APH Huntington Conducts Needs Assessment Study for Rural West Virginia Counties

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The blog post An Introduction to APH Huntington: A Program to Enhance Resources and Outcomes for a Rural Area provided high-level information about APH Huntington, a new program developed to provide technology and other training to people who are blind or low vision living in rural Cabell and Wayne counties of West Virginia.

Through implementing the program, APH is working to gather information, gain insights, and learn how to better serve people living in rural areas across the country. APH Huntington commissioned the Marshall University Research Corporation (MURC) to conduct a needs assessment study to determine the unmet needs of blind and low-vision residents of Cabell and Wayne counties.

A Needs Assessment Survey

The assessment began in April 2022 and ended in September 2022. Ninety-eight individuals, who resided in Cabell or Wayne County and reported being legally blind or having low vision, participated in the study.

Three specific goals of the assessment included:

  • Identifying blind and low-vision individuals in Cabell and Wayne Counties,
  • Understanding the unmet needs of blind and low-vision individuals in this area, and
  • Identifying how services should adapt to meet these needs.

Some high-level findings from the report include:

  • West Virginia has twice the national average of residents aged 16 to 64 who report having a visual disability and three times the national average of 65 and older who report a visual disability.
  • When asked what kind of cellular device study participants owned, 35.7% reported iPhone, 34.7% reported Android, and 12% reported no cellular device at all.
  • Less than 50% of study participants used a computer.
  • Less than 50% of study participants used a tablet.
  • Less than 30% of study participants used a smart speaker (Amazon Echo or Google Home).
  • Less than 50% of study participants have received orientation and mobility training.
  • Only 12.2% of study participants report receiving information from medical staff in an accessible format, such as large print.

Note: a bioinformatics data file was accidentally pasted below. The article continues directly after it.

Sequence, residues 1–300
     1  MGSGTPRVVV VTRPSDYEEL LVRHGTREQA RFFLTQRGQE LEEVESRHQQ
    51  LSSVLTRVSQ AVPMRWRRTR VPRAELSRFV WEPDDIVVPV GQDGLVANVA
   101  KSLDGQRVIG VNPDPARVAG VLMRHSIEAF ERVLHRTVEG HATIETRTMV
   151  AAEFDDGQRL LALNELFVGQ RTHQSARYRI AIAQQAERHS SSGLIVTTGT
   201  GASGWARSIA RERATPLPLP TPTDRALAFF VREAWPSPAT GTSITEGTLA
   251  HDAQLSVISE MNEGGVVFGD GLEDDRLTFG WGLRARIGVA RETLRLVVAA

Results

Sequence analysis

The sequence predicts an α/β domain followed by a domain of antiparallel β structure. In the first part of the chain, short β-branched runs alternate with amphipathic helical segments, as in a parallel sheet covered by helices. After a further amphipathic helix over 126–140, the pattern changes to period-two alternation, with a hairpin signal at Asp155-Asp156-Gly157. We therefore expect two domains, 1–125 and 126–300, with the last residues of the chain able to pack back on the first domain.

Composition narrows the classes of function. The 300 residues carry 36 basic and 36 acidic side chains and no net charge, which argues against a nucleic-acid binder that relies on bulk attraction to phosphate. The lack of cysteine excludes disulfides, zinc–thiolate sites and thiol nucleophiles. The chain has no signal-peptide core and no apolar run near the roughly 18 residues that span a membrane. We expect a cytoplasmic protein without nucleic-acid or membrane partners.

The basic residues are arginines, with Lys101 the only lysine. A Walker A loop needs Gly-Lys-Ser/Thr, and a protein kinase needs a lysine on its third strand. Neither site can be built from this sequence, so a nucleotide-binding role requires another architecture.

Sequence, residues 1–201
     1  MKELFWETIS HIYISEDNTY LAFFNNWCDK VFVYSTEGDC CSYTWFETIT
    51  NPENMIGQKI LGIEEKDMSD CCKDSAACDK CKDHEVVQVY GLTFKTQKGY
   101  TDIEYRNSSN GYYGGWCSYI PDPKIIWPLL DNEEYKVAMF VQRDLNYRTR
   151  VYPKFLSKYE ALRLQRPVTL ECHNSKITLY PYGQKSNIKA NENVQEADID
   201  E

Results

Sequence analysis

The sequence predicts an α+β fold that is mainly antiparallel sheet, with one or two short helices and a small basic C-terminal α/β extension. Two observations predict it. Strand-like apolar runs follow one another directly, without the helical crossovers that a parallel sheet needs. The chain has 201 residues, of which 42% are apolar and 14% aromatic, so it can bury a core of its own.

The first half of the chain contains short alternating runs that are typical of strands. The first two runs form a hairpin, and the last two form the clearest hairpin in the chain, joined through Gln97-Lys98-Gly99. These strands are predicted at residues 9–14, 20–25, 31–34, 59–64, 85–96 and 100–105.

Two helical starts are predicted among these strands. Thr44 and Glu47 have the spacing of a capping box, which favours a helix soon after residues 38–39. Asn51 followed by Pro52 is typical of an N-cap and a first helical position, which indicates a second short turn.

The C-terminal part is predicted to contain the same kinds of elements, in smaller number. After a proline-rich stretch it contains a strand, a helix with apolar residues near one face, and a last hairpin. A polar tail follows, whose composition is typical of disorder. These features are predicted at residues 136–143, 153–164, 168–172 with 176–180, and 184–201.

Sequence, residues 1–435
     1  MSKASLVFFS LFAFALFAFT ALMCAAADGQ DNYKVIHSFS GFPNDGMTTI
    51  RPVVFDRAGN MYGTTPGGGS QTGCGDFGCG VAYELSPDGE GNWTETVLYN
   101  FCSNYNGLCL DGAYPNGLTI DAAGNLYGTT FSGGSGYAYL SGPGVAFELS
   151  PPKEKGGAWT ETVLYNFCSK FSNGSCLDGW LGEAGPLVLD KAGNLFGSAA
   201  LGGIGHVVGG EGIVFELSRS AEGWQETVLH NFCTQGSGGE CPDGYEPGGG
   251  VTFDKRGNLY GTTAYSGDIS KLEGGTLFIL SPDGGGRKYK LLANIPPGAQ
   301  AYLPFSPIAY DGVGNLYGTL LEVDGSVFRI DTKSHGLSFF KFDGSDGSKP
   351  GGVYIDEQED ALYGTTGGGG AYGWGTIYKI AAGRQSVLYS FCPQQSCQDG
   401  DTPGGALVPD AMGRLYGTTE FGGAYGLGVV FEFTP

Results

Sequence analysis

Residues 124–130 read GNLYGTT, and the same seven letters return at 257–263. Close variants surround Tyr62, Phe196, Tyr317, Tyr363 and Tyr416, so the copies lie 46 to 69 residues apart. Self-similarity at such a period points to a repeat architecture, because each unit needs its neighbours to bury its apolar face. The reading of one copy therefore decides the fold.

• Only nine of the 98 study participants had heard of accessible prescription label technology, and none were using it.
  • Most study participants indicated their preferred method of shopping was to have someone else do it for them.
  • 63.3% of study participants indicated an annual income below $20,000 per year.
  • 63.3% of study participants indicated having less than a high-school diploma or GED.

Respondent-Identified Needs

According to the authors, “The results of the survey highlight some unmet needs for the region’s blind and low vision population. Among these are: transportation, financial assistance, services, organization activity, additional options for training and mobility/orientation, and lifestyle adjustment education.”

The most mentioned need by those surveyed was more funding. Additional funding is a clear respondent-identified need for themselves or the organizations in the area. When asked where improvements could occur, respondents repeatedly indicated the need for additional transportation throughout the study.

Many mentioned needing financial assistance or employment but were unsure where to go or how to obtain the services. Several individuals also expressed their need for assistive technology devices and mobility training, but there are simply not enough available resources in the area to address these needs. The survey responses also suggest that a significant portion live in poverty, which can exacerbate their issues.

Addressing Needs

To begin addressing the need for access to the information and training identified in this study, APH Huntington has partnered with the Cabell-Wayne Association of the Blind (CWAB,) the one local non-profit which focuses exclusively on blindness/ low vision, to provide Amazon Echo smart speaker training and devices to local blind and low vision residents. After only three group training sessions, CWAB and APH Huntington are already observing an excitement building as local blind or low-vision residents learn what the smart speakers can do and share that information with other blind or low-vision friends. Additional training sessions are scheduled in March 2023, and there is a waiting list for additional training to come later this year.

Plans are underway to bring several local organizations and nonprofits together to share and discuss the results of this needs assessment study. The goals will be to determine how the groups could strengthen their networks, combine scarce resources, and prioritize and adapt future programmatic offerings to better meet the specific needs of residents who are blind or have low vision.

“The results of the Cabell and Wayne needs assessment study can be extrapolated to other areas across West Virginia,” said Lee Huffman, “so we have shared, and will continue to share, this work with organizations from across the region to help inform their future programmatic choices and better serve people in their area who are blind or low vision.”